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This rainwater-harvesting segment on AZ Illustrated Nature features the work of and interviews with landscape designer Logan Byers (Local Design + Build) and rainwater-harvesting expert Brad Lancaster.

Check out Brad Lancaster’s interviews on NPR’s Morning Edition:

Click here to listen to January 10, 2008 interview.
Click here to listen to September 17, 2008 interview.

Read Brad Lancaster’s and Valerie Strassberg’s article, “Fighting Water with Water: Behavioral Change Versus Climate Change”

Click to download  Fighting Water with Water: Behavioral Change Versus Climate Change (PDF format, ~435 KB). Reprinted from Journal AWWA, Vol. 103, No. 6 (June 2011), by permission. Copyright © 2011, American Water Works Association. Permission to reproduce this document is granted for informational purposes only and does not represent or imply approval or endorsement by AWWA of any particular product or service.

Listen to Rainwater-Harvesting Songs:

Click to hear:

Rainwater Spiritual, by Gabrielle Pietrangelo of Silver Thread Trio fame

Rainwater Song, by Leith Kahl, a.k.a. Desert Rat, Brad’s favorite banjo-playin’, story-tellin’ activist

Harvest Rainwater, by Bradford Trojan, my power-pop/folk, dance-inducing yogi/neighbor. Click here to download the song.

Sing Back the River, a beautiful, bittersweet song by Petey Mesquitey about southern Arizona’s Santa Cruz River which used to flow year-round near downtown Tucson. To hear Petey’s introductory story to the song click here.

Dry River, by Dave Alvin. This video link enables you to hear one version of the song, but I think his best version is Dry River (Live) from his album Interstate City (Live) which he recorded as Dave Alvin & the Guilty Men. The river in the song is the Los Angeles River in Los Angeles, California.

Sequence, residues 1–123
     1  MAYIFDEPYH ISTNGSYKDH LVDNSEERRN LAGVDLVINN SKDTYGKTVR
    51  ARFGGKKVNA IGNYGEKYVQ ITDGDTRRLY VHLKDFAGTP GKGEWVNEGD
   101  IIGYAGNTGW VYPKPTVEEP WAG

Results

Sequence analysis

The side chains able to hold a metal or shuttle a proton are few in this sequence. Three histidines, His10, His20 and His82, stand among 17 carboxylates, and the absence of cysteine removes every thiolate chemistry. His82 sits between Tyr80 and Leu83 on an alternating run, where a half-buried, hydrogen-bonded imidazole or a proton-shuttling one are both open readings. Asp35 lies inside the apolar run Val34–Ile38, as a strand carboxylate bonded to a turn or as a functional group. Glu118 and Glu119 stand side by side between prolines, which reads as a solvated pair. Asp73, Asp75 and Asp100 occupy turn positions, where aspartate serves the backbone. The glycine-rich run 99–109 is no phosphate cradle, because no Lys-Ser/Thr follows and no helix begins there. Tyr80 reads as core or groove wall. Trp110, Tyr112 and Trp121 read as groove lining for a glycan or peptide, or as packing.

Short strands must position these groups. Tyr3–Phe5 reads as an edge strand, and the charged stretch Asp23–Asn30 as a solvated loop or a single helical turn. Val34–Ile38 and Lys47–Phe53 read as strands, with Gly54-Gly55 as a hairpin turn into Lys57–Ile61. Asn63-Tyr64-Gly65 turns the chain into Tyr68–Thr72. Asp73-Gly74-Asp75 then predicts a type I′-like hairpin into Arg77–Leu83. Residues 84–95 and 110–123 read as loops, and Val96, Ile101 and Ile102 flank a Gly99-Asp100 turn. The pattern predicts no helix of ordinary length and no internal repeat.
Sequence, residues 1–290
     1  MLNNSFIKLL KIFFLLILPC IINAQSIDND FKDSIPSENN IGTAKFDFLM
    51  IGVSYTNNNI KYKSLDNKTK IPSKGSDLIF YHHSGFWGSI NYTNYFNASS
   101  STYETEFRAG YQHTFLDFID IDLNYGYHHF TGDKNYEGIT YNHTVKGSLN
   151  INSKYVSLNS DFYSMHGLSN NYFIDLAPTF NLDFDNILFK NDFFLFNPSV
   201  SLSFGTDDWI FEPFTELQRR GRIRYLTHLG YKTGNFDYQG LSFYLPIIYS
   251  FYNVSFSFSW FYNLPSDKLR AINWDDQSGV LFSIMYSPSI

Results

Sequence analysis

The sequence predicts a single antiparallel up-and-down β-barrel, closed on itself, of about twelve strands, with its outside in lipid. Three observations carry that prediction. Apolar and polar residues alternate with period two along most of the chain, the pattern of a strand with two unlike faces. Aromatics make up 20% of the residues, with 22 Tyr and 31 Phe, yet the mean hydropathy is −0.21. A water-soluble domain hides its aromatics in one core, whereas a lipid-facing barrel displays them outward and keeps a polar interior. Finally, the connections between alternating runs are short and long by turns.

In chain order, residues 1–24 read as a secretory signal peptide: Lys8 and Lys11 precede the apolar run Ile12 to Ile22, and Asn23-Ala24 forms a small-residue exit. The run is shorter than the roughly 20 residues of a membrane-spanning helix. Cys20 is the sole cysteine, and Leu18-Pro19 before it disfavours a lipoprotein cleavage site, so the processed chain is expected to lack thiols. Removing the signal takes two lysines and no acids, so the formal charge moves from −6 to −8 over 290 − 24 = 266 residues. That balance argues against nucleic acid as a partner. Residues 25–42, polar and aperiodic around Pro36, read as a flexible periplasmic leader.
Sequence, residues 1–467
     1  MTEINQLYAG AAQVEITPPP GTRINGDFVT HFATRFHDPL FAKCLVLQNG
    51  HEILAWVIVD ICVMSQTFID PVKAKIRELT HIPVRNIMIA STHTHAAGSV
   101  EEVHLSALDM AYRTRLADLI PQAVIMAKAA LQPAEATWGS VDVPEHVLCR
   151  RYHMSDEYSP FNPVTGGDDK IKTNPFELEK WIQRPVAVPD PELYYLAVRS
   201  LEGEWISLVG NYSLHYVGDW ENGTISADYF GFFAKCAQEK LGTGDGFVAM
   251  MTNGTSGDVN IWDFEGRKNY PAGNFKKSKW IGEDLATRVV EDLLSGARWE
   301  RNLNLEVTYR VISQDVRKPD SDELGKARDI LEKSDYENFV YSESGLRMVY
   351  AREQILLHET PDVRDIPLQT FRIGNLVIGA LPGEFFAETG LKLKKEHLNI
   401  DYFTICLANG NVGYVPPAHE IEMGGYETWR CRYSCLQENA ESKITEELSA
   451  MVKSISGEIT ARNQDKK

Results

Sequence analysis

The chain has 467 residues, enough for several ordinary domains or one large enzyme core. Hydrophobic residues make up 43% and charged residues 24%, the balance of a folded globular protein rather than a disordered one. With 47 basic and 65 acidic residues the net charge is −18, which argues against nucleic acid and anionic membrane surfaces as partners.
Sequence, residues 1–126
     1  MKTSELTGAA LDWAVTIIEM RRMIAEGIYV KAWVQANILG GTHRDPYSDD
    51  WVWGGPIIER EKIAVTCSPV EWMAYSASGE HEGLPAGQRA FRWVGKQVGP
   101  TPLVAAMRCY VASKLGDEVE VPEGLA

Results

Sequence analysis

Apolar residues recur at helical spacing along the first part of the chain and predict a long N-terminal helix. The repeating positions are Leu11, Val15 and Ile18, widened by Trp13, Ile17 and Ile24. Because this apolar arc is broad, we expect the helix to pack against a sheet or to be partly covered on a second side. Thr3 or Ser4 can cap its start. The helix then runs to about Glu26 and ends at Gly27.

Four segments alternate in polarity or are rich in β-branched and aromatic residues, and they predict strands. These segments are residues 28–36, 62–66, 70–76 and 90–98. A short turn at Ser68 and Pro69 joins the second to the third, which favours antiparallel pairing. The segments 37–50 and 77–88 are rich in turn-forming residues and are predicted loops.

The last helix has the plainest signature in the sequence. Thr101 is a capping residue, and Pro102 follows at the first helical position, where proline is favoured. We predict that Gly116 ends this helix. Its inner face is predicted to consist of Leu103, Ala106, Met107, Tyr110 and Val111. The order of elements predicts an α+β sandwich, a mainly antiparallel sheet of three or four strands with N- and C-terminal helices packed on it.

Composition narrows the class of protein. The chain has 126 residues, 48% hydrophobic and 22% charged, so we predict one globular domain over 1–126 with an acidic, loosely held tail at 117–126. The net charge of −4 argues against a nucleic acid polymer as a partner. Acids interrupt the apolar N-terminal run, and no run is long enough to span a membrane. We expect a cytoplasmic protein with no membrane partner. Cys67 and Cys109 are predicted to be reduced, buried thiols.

We need more songs to build a smokin’-hot soundtrack to help motivate and lubricate the regenerative movement of working with our neighbors and ecosystems to enhance life and its potential within our communities and throughout our planet. Do you have a song(s) to contribute? If so, please send it to admin@HarvestingRainwater.com. Click here for more songs; we’ll be adding new ones as they come in.

Peruse the bounty of free water-harvesting resources, including:

Water-related rebates and incentive programs in Tucson, Arizona

List of incentives and rebates for Tucson Water’s residential and commercial users, including rebates for rainwater harvesting, greywater harvesting, and high-efficiency toilets.

Rainwater-harvesting rebate, which can pay you up to $2,000 for water-harvesting earthworks or rain gardens (passive strategies), gutters, cisterns or tanks (active rainwater-harvesting systems), and even consulting and design.

Greywater-harvesting rebate, which can pay you up to $1,000 for a greywater-harvesting system installation.

Watershed Maps of Tucson, Arizona

Use these to make signs of your Tucson neighborhood’s watershed(s).
See an example of such a sign, made of the Dunbar/Spring Washes and Watersheds.
Check out my blog post, Watershed Maps Are Community Maps.
And take a look at John Wesley Powell’s map of the western United States as he proposed the region be delineated by natural watershed boundaries—not by arbitrary political boundary lines.
Click here and here for different versions of the United Watersheds of America map.

Corrections? Requests? Suggestions? Questions?